Eating out and losing weight

Eat Out at Any Restaurant and Still Lose Weight Fast

You’re presented with a menu of multiple choices, most of them are wrong, and if you don’t figure it all out, a bad score is certain to mess up your future. The monitor (er, waiter) can’t help you, and you can’t even cheat because the questions change all the time.

But what you can do is get these six questions right every single time. They may seem like simple queries, but in most cases, there’s a hidden agenda—and a secret opportunity to put the kibosh on extra calories and accelerate your weight loss. Consider this your restaurant CliffsNotes.


Quick Answer: “We eat here all the time”

A study in the International Food Research Journal found that people are less likely to make healthy restaurant choices when they feel that they’re dining out for a special occasion. That makes sense, except…we also tend to view dining out anywhere, at any time, as a “special occasion.” Yet nowadays, between takeout, delivery and dining out, the average American eats restaurant food for one out of every three meals.

Before you head out for your meal, take stock of how many times you’ve eaten out this week. If a trip to a restaurant truly is a once-a-week splurge, then don’t worry about it so much. But if you’re like most of us, eating out is probably more like a once-a-day splurge. Eat smart today because you’ll have to do it again tomorrow.


Quick Answer: “Oil and vinegar on the side.”

It sounds like a weenie move, ordering the dressing on the side, as though you’re trying to micromanage the kitchen from your booth. But the stats don’t lie. A house salad at Applebee’s is 230 calories. If they dump the blue cheese dressing on it, it’s suddenly 470 calories, or about what you’d get by ordering their 12 oz New York strip. (And the salad has 40 grams of fat, versus just 25 for the steak.) But a light dose of oil and vinegar keeps this meal under 300 calories. A swap like this daily will save you close to 18 pounds a year!


Quick Answer: “Shrimp cocktail.”

Consider this: The number-one source of calories in the American diet isn’t burgers, cookies, or even beer. It’s bread. It’s all around us—wrapping our sandwiches, sitting alongside our eggs, resting in a little basket at our dinner table. And for the most part, bread is a nutrition- free source of straight-up sugar calories. A slice of Italian bread has 80 to 100 calories; a plain dinner roll will average 87 calories.

Why do restaurants want us to eat the bread? Because bread gives us a sugar rush, followed by a sugar crash, so we’re primed for dessert at the end of our meal. The simple solution is to pass on the breadbasket altogether, but damn, you’re hungry. If you can, order a shrimp cocktail. Five juicy shrimp dipped in sauce clock in at only 100 calories and more than 12 grams of belly-filling protein, and can be at your table in minutes


Quick Answer: “That is my entrée.”

Order your whole meal off the appetizer menu. Or hell, order your entrée off the kids’ menu— who cares that you’re over age 9? You’re allowed to order as much, or as little, as you want, so take advantage of that fact, says New York dietitian Keri Gans, R.D. “That’s the whole reason for portion control,” she says. “It’s not that the pasta’s so terrible for you, it’s just the size of the plate.” In fact, you should consider every restaurant meal “pre-super sized.” Over the last two decades, restaurants have grown our portions all out of proportion. Just take a look at the chart below.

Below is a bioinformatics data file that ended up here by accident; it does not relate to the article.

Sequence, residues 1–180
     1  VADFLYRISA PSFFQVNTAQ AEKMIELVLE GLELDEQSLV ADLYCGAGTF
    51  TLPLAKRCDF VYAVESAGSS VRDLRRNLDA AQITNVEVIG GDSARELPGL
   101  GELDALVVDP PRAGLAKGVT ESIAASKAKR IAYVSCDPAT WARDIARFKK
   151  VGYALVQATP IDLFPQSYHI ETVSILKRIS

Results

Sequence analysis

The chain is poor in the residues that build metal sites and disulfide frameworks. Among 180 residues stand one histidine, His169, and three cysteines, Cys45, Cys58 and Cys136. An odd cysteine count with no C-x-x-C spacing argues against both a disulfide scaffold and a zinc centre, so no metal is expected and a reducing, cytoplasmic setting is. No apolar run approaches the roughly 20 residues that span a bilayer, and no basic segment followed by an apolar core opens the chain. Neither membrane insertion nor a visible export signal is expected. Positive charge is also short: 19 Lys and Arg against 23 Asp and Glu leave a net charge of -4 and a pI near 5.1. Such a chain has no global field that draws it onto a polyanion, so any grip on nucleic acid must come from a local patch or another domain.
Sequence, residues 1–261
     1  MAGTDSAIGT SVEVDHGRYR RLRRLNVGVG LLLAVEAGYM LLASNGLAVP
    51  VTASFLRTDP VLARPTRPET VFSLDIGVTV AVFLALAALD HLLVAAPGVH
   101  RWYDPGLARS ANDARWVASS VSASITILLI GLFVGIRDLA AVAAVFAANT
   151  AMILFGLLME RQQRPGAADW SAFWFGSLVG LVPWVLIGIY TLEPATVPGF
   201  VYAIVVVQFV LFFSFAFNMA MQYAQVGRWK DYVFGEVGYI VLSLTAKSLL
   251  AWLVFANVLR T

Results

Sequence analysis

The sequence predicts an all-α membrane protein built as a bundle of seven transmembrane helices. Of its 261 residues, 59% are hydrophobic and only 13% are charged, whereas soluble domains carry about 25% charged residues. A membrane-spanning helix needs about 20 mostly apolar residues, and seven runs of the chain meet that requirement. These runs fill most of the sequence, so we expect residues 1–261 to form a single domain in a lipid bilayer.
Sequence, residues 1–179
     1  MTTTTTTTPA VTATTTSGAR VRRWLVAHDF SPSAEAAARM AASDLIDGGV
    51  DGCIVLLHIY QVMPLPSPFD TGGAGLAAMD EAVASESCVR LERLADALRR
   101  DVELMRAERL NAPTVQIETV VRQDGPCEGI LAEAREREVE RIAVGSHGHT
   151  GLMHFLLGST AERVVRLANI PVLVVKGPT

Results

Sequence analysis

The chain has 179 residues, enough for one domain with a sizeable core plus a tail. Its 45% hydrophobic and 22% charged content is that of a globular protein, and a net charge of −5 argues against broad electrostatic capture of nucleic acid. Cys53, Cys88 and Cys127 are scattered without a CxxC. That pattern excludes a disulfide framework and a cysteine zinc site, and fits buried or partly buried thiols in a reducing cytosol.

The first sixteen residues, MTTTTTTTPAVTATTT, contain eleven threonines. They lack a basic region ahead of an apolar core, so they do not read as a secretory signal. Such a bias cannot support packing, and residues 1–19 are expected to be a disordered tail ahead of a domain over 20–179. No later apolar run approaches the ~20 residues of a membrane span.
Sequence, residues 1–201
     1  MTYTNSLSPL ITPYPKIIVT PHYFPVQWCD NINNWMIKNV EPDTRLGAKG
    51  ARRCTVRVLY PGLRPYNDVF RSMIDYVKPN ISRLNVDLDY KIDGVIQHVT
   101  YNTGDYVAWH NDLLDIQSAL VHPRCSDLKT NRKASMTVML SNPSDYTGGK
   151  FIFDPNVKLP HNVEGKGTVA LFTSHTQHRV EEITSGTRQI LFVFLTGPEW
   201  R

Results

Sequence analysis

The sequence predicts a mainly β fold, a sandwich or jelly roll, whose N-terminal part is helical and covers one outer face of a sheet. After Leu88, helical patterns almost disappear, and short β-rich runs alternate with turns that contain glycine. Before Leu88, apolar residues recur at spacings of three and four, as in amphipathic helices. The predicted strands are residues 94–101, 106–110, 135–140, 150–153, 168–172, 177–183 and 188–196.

Quick Answer: “With flame.”

Ha! A trick answer for a trick question. In most restaurants, “grilled” foods are cooked on a grill plate—it’s little more than a giant, flat sauté pan, where grease gathers to dance around and have a party. “Grills” at restaurants lock fat in, instead of cooking it off. Flame-grilling means putting the meat or vegetables over an open flame. At this point, your waiter may scratch his head and shuffle off in a sort of “Hope I get the part in the soap opera and can quit this gig” kind of way, only to return and say there’s no actual grill in the kitchen. In that case, ask for it to be broiled, using the broiler that’s located, yep, under the griddle. Either way, “flame-cooked” makes an enormous difference; a study in Meat Science (yeah, we’re subscribers) found that grilling a pork chop could actually decrease its fat content by a third.


Quick Answer: “Do you have any berries?”

Even if the restaurant only lists gooey, chocolaty, decadent desserts on its menu, chances are there are some blueberries and strawberries—two of the best fruits for fat loss—floating around in the kitchen. Ask for a bowl topped with a generous scoop of whipped cream for a decadent off-the-menu dessert. One cup of mixed berries topped with 3 tablespoons of whipped cream has only about 117 calories, compared with 492 in a piece of tiramisu and 411 in a slice of apple pie. Or keep it simple and just order a bowl of ice cream. Four ounces of vanilla ice cream has about 145 calories, while chocolate clocks in at 130. In an ideal world, of course, you won’t order dessert. But ideal worlds are boring.

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I Didn’t Eat Anything from A Restaurant for 5 Weeks and This Is What Happened

2017 has been an exciting year of travel for me. I’ve been to Tulum, Mexico City, Todos Santos, Barcelona, and June marked my first ever trip to Italy. While never unpacking your suitcase offers it’s own off-the-rails kind of fun, it tends to go hand-in-hand with never buying groceries, overspending, and forgetting that the concept of working out even exists. The more I traveled, the more eating out became my default mode (even when I was at home). By the time July rolled around, I had favored and room serviced my way to a 10 pound weight gain — and I won’t even mention the state of my bank account.